Moreover, HSPGs reportedly act as potential “scaffolds” that bring together two proteins to favor their interaction, and thus regulate where and when signaling events begin (Xu and Esko, 2014). An example of this is the interaction of FGF with its receptor (FGFR), where Syndecan-4 acts as a co-receptor (Carey, 1997). In this case, although the FGF/FGFR binding is of high affinity, the interaction with Syndecan-4 and the subsequent signaling events are amplified in the presence of HS chains (Sperinde and Nugent, 2000). Moreover, the formation of a ternary complex FGF/FGFR/Syndecan-4 has been reported to reduce the dissociation constant (koff; or increases the lifetime) of the FGF/FGFR interaction, increase the primary ligand-receptor affinity and favor the activation of FGFR at low concentrations of the ligand (Nugent and Edelman, 1992; Forsten-Williams et al., 2005). This data is consistent with the function established for Syndecan-4 in this study, where we report that the HSPG facilitates neuronal retraction and is required for inhibition of neurite outgrowth mediated by Thy-1–αVβ3 integrin association.

Considering a CNS physio-pathological context, our results suggest that under inflammatory conditions- where both astrocytic αVβ3 and Syndecan-4 protein levels are increased - the ternary complex formed by Thy-1–αVβ3 integrin + Syndecan-4 promotes more stable neuron-astrocyte association (i.e., extended lifetime compared to bi-molecular Thy-1-dependent interactions). Consequently, the effects triggered by these adhesion proteins, such as neurite retraction, are enhanced. However, mechanical cues from the surrounding environment exerted on the Thy-1-αVβ3 integrin + Syndecan-4 complex regulate these cellular processes by stimulating rapid bond dissociation between the molecules. On the other hand, under physiological conditions, when both αVβ3 integrin and Syndecan-4 are expressed at low levels (Lagos-Cabré et al., 2017), bi-molecular interactions are more likely to occur. Thus, the faster bond dissociation of these complexes, with or without mechanical forces, makes stimulation of retraction of neuronal processes unlikely. Therefore, Syndecan-4 appears to play a key role in modulating the speed of neuronal responses under pathological conditions (Figure 5), in agreement with the rapid axon retraction observed in vivo (Houle and Tessler, 2003) and in vitro (Shao et al., 2019).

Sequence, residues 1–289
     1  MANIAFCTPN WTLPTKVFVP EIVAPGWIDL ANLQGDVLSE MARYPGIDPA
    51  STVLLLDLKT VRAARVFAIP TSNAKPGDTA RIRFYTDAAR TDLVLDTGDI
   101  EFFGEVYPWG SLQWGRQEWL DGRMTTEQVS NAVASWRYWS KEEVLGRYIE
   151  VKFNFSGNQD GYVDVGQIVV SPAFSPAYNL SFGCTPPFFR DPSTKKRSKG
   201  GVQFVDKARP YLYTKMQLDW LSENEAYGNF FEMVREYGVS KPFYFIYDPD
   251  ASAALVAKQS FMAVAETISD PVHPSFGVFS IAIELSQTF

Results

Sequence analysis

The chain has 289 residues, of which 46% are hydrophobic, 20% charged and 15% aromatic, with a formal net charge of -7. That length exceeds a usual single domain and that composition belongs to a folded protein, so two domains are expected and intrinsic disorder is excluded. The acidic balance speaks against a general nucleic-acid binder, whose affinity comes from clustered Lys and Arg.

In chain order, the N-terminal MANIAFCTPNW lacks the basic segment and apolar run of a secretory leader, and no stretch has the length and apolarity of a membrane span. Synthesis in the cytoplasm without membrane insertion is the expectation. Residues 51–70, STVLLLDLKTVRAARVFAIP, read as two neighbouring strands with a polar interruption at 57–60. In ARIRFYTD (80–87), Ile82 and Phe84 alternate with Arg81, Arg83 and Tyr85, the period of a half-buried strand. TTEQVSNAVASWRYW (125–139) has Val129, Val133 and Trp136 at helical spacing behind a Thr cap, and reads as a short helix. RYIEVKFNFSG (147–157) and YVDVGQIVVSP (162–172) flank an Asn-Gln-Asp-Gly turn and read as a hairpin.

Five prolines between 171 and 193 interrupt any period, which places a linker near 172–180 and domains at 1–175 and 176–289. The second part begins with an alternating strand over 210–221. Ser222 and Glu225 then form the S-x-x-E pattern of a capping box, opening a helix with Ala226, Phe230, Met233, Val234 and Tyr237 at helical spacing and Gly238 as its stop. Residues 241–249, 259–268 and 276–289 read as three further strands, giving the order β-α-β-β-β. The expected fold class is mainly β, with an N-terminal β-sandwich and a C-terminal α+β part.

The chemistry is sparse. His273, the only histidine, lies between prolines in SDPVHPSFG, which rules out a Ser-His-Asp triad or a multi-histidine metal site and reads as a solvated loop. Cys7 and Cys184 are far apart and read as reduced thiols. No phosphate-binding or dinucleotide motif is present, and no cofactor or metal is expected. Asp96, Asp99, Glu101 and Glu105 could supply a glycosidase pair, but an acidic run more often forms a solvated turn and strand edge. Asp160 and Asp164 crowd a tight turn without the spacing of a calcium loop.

Figure 5. Model showing Syndecan-4 as a key player in neuron-astrocyte interactions under inflammation accelerating axonal retraction. The illustrated behavior is particularly relevant under inflammatory conditions where the expression of both Syndecan-4 and αVβ3 integrin increase on astrocytes and exacerbate the detrimental effects of Thy-1–αVβ3 integrin association, on neurons.

Here, we studied morphological neuronal changes stimulated by cell-cell communication between neurons and astrocytes through the cell adhesion molecules, Thy-1, αVβ3 integrin and Syndecan-4. It has also been reported that cell-extracellular matrix interactions play a key role in the regulation of neuronal process retraction (Ahmad et al., 2000; Franze et al., 2009; Shao et al., 2019), as well as in the contraction of other cell types (Okamoto et al., 1998). In our neurite retraction assays, CAD cells were seeded directly over standard tissue culture dishes without additional treatments (e.g., poly-L-lysine). Thus, further investigation is required to decipher how the magnitude of neurite retraction resulting from neuron-to-astrocyte communication is affected by the strength of the adhesion between neurons and the extracellular matrix.

Retraction of neuronal processes is also driven by mechanical tension produced by the active contraction of the actomyosin cytoskeleton (Kranenburg et al., 1997; Govek et al., 2005; Maldonado et al., 2017). Our prior results demonstrate that the engagement of astrocytic αVβ3 integrin with Thy-1 on the surface of neurons triggers specific RhoA-dependent signaling pathways through a preformed membrane complex between Thy-1, the transmembrane protein CBP and the non-receptor tyrosine kinase Src, that drives actomyosin cytoskeleton contraction and, consequently, leads to neurite retraction (Herrera-Molina et al., 2012; Maldonado et al., 2017). Results shown here indicate that Syndecan-4 accelerates the effect of integrin-engaged Thy-1 by interacting directly with the neuronal protein, suggesting that this proteoglycan may also modulate the reported signaling pathway; however, this interesting possibility needs to be confirmed in future experiments.